Arts Desk

Party Bros. Have a New Label and a Song About Malcolm X Park, Bro

Party Bros. aren't just about the partying, bro. For a while now, the D.C. house/electro duo of DJs Gavin Holland and Chris Burns have pumped out kaleidoscopic party jams, semi-ironically toasted scenester-party vapidity, and, um, partied on boats. But Party Bros. happen to have a softer, more glazed, possibly fantasy-obsessed side, which they seem to have fully realized with their new label, Mysteries of the Mind. "We’re starting this label to put out projects from ourselves and our friends that fall outside the realm of traditional dance music," Burns writes on his blog, and: Well, yeah.

The first release from Mysteries of the Mind is a self-titled Party Bros. 12-inch featuring four tracks. "Heartstones" is a slow-simmering comedown epic—a little bit in M83's vein, and canny enough to let an air siren boil into a sax solo. Respect. "Arboretum", meanwhile, takes the early-morning bliss a bit too far: It's pretty close to the kind of thing you'd hear on one of those waterfall compilations sold at The Sharper Image.

My favorites are "Malcolm X Park (After Dark)" and its dub remix—and not just because Meridian Hill Park is overdue for an another anthem. The sexy-apocalyptic instrumental is sweet, as is the pitched-down horror-trailer vocal hook: "Malcolm X Park after dark/illicit pleasures a world apart/what the eye beholds but you don't see/pleasure, pain, confusion, fantasy."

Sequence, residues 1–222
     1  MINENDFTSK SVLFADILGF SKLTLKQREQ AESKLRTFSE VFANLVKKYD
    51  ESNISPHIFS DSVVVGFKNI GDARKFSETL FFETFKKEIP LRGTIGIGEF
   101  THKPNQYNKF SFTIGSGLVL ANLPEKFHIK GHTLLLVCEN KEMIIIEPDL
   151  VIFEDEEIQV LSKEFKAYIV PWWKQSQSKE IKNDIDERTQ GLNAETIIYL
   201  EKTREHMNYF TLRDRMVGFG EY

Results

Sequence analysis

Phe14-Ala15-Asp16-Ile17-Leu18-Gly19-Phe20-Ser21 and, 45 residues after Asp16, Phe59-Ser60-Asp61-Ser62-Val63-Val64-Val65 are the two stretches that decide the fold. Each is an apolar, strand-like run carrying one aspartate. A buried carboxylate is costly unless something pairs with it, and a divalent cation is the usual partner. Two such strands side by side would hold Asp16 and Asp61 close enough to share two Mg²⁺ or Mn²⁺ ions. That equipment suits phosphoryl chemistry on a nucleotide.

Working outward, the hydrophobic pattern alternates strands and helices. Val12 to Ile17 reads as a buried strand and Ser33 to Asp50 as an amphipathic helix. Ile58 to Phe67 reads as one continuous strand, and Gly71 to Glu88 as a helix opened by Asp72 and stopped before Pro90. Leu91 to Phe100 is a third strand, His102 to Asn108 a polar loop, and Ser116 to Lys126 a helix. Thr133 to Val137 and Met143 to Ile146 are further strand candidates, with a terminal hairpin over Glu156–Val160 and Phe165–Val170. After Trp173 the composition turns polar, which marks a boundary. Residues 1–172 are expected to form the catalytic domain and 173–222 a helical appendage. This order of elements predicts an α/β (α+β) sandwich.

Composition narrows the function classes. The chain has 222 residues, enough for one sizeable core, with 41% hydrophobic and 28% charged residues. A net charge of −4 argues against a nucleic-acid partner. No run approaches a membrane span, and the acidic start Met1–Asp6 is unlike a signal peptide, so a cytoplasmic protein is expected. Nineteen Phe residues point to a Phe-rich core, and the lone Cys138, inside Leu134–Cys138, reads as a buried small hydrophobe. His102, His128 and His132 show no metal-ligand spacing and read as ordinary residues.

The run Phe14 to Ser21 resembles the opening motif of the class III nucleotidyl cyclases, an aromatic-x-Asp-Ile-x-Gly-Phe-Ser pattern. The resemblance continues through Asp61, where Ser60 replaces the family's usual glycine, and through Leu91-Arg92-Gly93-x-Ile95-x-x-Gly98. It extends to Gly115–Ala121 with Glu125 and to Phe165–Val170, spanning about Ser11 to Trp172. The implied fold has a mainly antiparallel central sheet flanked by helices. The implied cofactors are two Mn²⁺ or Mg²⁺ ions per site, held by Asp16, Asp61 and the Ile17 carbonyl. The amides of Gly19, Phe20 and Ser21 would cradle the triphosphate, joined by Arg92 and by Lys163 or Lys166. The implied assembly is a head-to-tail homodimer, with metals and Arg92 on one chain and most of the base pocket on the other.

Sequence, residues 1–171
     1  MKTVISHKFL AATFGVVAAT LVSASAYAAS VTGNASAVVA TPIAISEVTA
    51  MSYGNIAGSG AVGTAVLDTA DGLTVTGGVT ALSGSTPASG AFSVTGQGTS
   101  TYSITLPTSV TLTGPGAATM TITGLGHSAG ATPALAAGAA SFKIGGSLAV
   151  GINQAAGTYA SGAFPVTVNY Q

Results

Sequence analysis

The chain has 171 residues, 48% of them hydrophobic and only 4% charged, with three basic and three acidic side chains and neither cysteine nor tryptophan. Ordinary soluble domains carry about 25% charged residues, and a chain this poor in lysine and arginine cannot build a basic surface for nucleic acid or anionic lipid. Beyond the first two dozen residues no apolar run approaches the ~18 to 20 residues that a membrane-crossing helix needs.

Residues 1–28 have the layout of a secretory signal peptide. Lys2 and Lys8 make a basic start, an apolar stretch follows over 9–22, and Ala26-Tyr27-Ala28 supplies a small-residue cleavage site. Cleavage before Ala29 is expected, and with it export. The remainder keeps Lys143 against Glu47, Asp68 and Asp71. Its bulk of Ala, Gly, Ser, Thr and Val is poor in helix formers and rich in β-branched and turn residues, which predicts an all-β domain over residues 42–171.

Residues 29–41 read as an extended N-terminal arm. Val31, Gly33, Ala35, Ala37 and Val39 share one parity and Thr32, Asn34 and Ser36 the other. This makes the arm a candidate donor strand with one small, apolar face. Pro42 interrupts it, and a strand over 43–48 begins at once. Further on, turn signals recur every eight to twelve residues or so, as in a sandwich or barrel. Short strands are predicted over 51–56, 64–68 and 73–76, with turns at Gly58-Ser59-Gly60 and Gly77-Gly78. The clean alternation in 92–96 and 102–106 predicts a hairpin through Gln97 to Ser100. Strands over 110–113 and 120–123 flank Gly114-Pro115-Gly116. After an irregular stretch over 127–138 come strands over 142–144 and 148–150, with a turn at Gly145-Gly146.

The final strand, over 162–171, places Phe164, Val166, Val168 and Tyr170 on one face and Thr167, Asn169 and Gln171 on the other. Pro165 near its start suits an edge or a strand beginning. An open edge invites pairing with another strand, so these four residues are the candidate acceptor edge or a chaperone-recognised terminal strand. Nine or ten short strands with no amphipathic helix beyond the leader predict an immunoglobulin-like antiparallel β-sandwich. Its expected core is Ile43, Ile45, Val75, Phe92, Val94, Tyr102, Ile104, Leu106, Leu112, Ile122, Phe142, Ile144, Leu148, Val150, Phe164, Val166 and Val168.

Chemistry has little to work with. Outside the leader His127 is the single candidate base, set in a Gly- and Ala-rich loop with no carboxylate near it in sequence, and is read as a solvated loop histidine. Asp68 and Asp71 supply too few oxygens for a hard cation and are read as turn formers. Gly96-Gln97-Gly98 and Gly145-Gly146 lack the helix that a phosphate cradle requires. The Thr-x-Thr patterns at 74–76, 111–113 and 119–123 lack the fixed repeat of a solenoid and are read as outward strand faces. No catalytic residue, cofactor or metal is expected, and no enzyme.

The song riffs on a scene Holland stumbled upon at the park, though he adds it's also a reference to the classic D.C. funk anthem "Rock Creek Park," by The Blackbyrds. The song, which features both Holland and Burns' vocals, marks the first time Holland has written lyrics and sung on record.

In an email, Holland shares his inspiration:

Well, one winter day a few years ago, I was walking up 16th St. and noticed a truly bizarre sight on a landing in a stairwell of Meridian Hill Park — there was a little 70s-looking puke green suitcase busted open, with gay porn VHS tapes sprawled out everywhere.  The scene looked violent and anachronistic – vintage gay porn deal gone wrong?  I was relating this story to Chris, and we just started to get amped on what might have happened, and how sketchy Meridian Hill Park can be at night... soon enough we were writing lyrics about how we imagined a supremely grimy version of that space in the late 70s or early 80s, with powerful, closeted politicians meeting up with prostitutes in the cloak of night to get their kicks.

The EP is out on Feb. 28.

For now, take a listen to the whole thing:

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